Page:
Tennessee is one of at least 12 states where nearly all abortions would become illegal if the U.S. Supreme Court overturned Roe v. Wade.
- Gov. Bill Lee signed a so-called "trigger law" in 2019 that would largely ban the procedure after such a ruling.
Why it matters: That scenario has taken on new significance as the high court considers a series of challenges to restrictive abortion measures in Texas and Mississippi.
- The Supreme Court on Monday heard arguments in two cases related to a new Texas law, and a majority of the justices seemed open to allowing the cases to move forward.
- The justices have so far allowed the restrictive law, which bans most abortions after about six weeks, to stay in place despite ongoing legal wrangling.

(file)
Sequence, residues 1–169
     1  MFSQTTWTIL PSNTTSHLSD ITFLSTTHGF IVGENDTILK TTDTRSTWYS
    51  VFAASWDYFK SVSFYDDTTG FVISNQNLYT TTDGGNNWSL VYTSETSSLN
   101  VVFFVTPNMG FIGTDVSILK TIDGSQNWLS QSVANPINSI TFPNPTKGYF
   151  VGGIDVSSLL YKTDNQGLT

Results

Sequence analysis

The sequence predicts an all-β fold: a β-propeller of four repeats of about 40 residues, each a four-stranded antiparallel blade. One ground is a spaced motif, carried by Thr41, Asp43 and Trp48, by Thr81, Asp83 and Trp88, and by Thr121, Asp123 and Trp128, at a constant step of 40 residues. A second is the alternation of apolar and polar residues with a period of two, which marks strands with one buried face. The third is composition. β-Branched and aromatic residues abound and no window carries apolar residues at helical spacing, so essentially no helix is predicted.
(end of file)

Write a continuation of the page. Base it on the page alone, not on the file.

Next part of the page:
- Next month, the high court is set to consider a law restricting abortions in Mississippi about 15 weeks into a pregnancy. That case directly challenges Roe v. Wade.
Between the lines: Anti-abortion activists see the court's 6-3 conservative majority as an opening to eliminate or chip away at the precedent set by Roe v. Wade, which has allowed for abortions nationwide since 1973.
- Tennessee has passed a series of restrictive abortion measures in recent years, although many restrictions have been put on hold while legal challenges are underway in lower courts.
- Hundreds of abortion rights activists gathered in Nashville last month to protest efforts to limit access to the procedure.
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